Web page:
A Study Break and a USGA Championship for Prendergast, Secor
Katrina Prendergast (facing) and Ellen Secor celebrate their win (USGA photo)
Katrina Prendergast (facing) and Ellen Secor celebrate their win (USGA photo)

TARZANA, CA (May 2, 2018) - This time of year, the focus is on team golf. The NCAA Championship countdown has started, and Katrina Prendergast and Ellen Secor have just put together the ultimate – albeit non-traditional -- run-up to the start of the postseason. The Colorado State players are seven days removed from the Mountain West Conference Championship (where they both finished in the top 10) and due on the first tee for NCAA Regionals in five days, but in that short window they managed to win a U.S. Golf Association title at El Caballero Country Club.

Prendergast, a junior, and Secor, a sophomore, battled teens Yachun Chang and Lei Ye, both students at the IMG Academy in Bradenton, Fla. in the final match of the U.S. Women’s Four-Ball on May 2, making birdie on two of the final three holes to win the title. The college teammates played this event together last year, too, but made it only as far as the first round of match play.

This time, Prendergast and Secor skated through the first two rounds relatively easily, winning each match on the 16th hole. They continued that run in the quarterfinals, when they met the duo of Katherine Gravel-Coursol and Paige Nelson, the No. 32-seeded team that immediately knocked off the No. 1 seed in the first round. To get to the final match, the Colorado State players had to face college golf’s future in Erica Shepherd and Megan Furtney, two Duke recruits who wore their Blue Devil colors proudly.

Prendergast and Secor never trailed in a match until going 1 down to Chang and Ye on No. 7 in the final.

USGA championships are notoriously grueling with their double-round days, and it can take even more of a physical toll when you also happen to be in the middle of finals week. Prendergast and Secor are trying to keep that aspect out of their heads. In fact, they look at it as a good tune-up for the NCAA Regional.

“The biggest thing about regionals is you've got to putt really well and you've got to hit the tee ball really well, and that's what you have to do here,” Secor said after the quarterfinals. “If you don't hit it in the fairway, it's really hard to make those birdies, and if you can't putt well, you can't win holes. . . . I think that definitely carries over into what we need to do at regionals. It's definitely -- I hate to call it practice because this is also something that's so important to me.”

The Women’s Four-Ball doesn’t usually draw many college players. Arizona’s Haley Moore and Gigi Stoll, who lost to Shepherd and Furtney in the Round of 16, were two other notable collegians who made the trip to Southern California for this championship.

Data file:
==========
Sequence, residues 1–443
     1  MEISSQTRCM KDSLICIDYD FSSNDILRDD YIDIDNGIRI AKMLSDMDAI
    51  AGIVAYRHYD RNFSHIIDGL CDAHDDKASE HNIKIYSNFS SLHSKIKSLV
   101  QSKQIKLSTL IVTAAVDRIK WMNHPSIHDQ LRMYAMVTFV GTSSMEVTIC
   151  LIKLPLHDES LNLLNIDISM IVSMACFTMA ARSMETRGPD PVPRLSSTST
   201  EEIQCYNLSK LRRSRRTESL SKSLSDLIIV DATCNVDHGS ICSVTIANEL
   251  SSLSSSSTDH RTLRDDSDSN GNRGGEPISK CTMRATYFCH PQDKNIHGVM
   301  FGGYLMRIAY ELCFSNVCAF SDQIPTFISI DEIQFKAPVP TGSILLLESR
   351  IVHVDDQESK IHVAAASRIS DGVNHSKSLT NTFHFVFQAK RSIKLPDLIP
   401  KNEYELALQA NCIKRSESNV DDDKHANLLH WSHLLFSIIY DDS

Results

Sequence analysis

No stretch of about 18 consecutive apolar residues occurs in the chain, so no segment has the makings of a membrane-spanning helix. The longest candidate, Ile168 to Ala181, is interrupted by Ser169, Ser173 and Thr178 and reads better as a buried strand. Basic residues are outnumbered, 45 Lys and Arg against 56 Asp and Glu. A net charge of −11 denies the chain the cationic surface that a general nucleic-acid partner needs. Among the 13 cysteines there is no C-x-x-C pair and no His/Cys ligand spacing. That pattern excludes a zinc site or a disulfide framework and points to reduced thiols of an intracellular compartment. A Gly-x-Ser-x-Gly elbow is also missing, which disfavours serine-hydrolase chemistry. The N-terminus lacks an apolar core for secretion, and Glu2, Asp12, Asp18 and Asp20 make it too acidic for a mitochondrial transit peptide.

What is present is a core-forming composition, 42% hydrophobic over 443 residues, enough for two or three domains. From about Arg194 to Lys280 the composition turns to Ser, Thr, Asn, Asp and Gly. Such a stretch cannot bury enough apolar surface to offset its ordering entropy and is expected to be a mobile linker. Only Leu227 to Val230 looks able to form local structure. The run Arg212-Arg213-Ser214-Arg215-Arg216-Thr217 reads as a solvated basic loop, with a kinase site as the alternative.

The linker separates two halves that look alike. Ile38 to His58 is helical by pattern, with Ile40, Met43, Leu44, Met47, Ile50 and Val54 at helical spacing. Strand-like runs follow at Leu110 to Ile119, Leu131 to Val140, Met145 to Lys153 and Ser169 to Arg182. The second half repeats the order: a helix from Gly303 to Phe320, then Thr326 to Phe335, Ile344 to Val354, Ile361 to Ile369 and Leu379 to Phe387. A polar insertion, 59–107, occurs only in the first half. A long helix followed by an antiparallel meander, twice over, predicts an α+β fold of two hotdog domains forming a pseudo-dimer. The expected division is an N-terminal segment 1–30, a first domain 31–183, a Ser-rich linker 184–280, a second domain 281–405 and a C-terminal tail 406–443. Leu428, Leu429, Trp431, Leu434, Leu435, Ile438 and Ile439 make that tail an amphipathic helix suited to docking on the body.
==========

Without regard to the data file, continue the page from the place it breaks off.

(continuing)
For college players, however, the tournament falls at an awkward time of the year. It can be difficult for a coach to send players to a USGA event in the lead-up to arguably the most important week of the season. NCAA Regionals determine which teams and players reach the national championship, and there’s certainly no guarantee. Only the top six teams in each of four regions advance, and top teams are often left on the outside looking in.

“I want to play for my team and represent my team as much as I possibly can,” Secor said, “so I think that's why we came here, too, just to kind of get good practice going into the regionals and play at a really awesome tournament.”

Colorado State head coach Annie Young may have had a little bit better perspective than most, considering she’s a former USGA champion. Young won the 2002 U.S. Women’s Amateur Public Links. Interestingly, it’s the event the USGA took off the competition schedule in 2014 when they created the Four-Ball.

Both girls have looked up to Young for that victory, and now they’ll be able to talk with her about an experience that few competitive golfers will ever know.

“It'll be cool to talk about the emotions running through our veins on those last four holes and what it was like for her,” Secor said.

Prendergast and Secor have been assigned to the NCAA Regional in Austin, Texas, for next week, and they’ll report over the weekend for a practice round. Their Colorado State teammates will not be joining them (they failed to qualify as a team), which is a shame considering the show these two put on at El Caballero.

“I think just keep the momentum going,” Prendergast said of next week’s game plan. “I mean, we've got two more days and we leave on Saturday, and you know, we might be individual competitors in the event, but we're going to act like a team.”

View results for U.S. Women's Amateur Four-Ball
ABOUT THE U.S. Women's Amateur Four-Ball

The U.S. Women's Amateur Four-Ball, the newest USGA championship, was played for the first time in 2015 at Bandon Dunes Golf Resort in Bandon, Oregon. It immediately became one of the USGA's most popular tournaments. The event, which has no age restriction, is open to those women with a Handicap Index of 14.4 or lower. It is one of 14 national championships conducted annually by the USGA, 10 of which are strictly for amateurs.

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